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The website The Genealogist has a series of printed books which list landowners by county. Each county book has a heading with the name of the county, followed by the Population in 1871, number of Inhabited Houses, and the Number of Parishes.

The landowner information is laid out in tables with these headers:

  • Name of Owner
  • Address of Owner
  • Extent of Lands
  • Gross Estimated Rental

I am guessing that the figures for the Population, the number of Inhabited Houses, and the Number of Parishes come from the statistics generated when the 1871 Census record was taken, and that the information in the tables come from rate books such as the ones found in the Plymouth & West Devon Rate Books 1598- 1933 on Find My Past.

What I'd like to know is the provenance of these printed landowner books. I've looked all over The Genealogist and I don't see an answer in their research guides. The sequences for the individual county books don't seem to include any front matter (title pages, publication information, or lists of abbreviations found in the books).

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Gross Estimated Rental is expressed in £. s. which seems clear enough (pounds and shillings). The Extent of Land is marked A. R. P. -- is this Acre, Rood, Perch as seen on this Conversion Chart and Calculator?

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Were these books for England and Wales published by the Office of National Statistics or one of the agencies that came before it? I'd like to know so I can write a proper citation, and be sure I'm reading the entries correctly.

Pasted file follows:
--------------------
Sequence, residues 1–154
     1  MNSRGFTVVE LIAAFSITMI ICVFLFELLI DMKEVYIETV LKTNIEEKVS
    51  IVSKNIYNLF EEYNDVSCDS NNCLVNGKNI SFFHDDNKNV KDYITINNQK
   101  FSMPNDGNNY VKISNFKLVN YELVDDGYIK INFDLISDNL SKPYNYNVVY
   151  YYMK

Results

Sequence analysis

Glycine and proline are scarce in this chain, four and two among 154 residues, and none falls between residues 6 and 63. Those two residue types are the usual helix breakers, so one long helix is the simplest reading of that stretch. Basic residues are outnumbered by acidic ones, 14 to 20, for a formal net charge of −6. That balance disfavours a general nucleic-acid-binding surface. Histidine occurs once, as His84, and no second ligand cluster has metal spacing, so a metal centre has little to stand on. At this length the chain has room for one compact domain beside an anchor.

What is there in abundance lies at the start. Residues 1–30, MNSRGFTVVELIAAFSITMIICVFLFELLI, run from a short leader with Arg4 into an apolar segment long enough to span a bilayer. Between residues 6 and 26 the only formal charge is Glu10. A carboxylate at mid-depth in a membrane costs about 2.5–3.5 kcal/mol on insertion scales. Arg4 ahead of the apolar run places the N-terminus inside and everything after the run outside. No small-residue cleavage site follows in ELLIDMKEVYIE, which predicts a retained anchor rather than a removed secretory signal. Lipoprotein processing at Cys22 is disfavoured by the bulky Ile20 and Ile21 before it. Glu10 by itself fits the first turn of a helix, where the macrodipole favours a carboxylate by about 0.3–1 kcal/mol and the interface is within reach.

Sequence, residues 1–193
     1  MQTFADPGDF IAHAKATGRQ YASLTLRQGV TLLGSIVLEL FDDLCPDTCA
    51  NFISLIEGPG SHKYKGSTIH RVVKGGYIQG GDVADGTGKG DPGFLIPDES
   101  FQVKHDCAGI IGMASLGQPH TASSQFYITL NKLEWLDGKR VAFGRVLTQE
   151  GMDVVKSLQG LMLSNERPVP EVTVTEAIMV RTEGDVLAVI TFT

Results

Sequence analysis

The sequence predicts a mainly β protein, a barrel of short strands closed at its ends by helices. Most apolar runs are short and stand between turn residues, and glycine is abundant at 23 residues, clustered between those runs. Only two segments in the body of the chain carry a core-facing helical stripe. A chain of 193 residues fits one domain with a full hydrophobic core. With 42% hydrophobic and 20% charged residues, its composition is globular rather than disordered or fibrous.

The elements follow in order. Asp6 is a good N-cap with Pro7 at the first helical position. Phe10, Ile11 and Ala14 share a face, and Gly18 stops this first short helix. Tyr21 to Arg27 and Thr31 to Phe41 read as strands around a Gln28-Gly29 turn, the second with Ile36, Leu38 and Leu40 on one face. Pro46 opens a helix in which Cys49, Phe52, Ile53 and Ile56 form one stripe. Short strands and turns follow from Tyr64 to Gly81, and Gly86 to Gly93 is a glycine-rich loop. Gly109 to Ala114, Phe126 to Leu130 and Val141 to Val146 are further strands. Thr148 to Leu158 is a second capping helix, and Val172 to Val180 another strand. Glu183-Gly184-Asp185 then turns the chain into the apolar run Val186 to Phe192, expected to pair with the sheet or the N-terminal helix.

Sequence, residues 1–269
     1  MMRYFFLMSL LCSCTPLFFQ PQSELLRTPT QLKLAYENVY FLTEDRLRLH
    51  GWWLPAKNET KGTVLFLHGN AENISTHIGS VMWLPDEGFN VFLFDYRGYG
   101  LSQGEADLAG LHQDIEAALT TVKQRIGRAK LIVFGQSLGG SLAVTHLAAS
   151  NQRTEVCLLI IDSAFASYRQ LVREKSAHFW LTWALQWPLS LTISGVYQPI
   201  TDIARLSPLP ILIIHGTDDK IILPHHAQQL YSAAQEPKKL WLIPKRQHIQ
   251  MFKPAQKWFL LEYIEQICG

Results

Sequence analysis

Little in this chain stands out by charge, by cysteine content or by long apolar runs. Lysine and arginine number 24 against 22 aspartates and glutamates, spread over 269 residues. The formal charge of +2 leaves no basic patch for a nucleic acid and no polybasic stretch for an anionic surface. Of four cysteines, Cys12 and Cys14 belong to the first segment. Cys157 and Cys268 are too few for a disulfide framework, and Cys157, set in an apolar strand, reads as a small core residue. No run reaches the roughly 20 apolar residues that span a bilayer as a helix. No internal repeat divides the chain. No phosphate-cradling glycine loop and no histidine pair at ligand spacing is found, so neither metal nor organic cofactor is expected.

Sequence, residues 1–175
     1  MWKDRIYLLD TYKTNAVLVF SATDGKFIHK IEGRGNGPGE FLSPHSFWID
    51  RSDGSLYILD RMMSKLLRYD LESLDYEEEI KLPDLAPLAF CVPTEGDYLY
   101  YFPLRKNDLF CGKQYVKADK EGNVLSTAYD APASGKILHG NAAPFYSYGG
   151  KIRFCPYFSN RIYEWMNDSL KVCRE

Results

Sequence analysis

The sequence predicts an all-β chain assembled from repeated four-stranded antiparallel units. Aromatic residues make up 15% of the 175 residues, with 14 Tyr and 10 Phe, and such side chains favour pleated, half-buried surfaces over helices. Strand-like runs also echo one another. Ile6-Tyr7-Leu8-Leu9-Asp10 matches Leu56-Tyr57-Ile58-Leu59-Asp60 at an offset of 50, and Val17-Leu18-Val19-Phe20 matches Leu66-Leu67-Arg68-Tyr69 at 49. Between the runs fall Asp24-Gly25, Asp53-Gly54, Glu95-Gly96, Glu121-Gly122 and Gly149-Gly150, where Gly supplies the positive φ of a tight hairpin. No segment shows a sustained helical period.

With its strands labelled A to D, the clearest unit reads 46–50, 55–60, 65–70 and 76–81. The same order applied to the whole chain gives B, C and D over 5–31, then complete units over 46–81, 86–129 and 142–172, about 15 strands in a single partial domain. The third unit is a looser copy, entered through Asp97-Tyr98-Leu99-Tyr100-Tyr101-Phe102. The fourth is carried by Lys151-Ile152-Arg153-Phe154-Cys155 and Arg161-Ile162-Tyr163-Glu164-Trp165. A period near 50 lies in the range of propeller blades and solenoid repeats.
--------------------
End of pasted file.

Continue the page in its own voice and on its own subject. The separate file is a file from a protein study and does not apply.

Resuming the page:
It would also be useful to know which years these books were published, so I could look for copies at other repositories. This is the kind of book which is ridiculously simple to look for if you know the title of the report, but if you don't already know, searching for the likely keywords yields too many results.


Update: according to the featured article at The Genealogist What Land Did My Ancestor Own or Occupy?, speaking about the Tithe apportionment, it says (emphasis mine):

The apportionment gives us the measurement in acres, roods and perches and the value of the tithe payable to the Rector. Infuriatingly, the size of these units of measurement could vary according to the locality that they were applied.

  • Yes, the easy thing to do is ask The Genealogist. I plan to contact them and ask if they can include some kind of 'how to use these books' source note. – Jan Murphy Dec 29 '16 at 22:58
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Is this perhaps The Return of Owners of Land, 1873? Can't access my copy at the moment to cross check the contents.

See Wikipedia article

Re the units involved: Anyone attempting to understand these archaic units should be aware that rods and roods are not the same thing. Theoretically roods measure area and rods measure length. See Rood (unit), viz: "Rood is an English unit of area, equal to one quarter of an acre ... A rectangular area with edges of one furlong (i.e. 10 chains, or 40 rods) and one rod respectively, is one rood, as is an area consisting of 40 perches (square rods). ... When referring to areas, rod is often found in old documents and has exactly the same meaning as rood". That last bit is a confusion!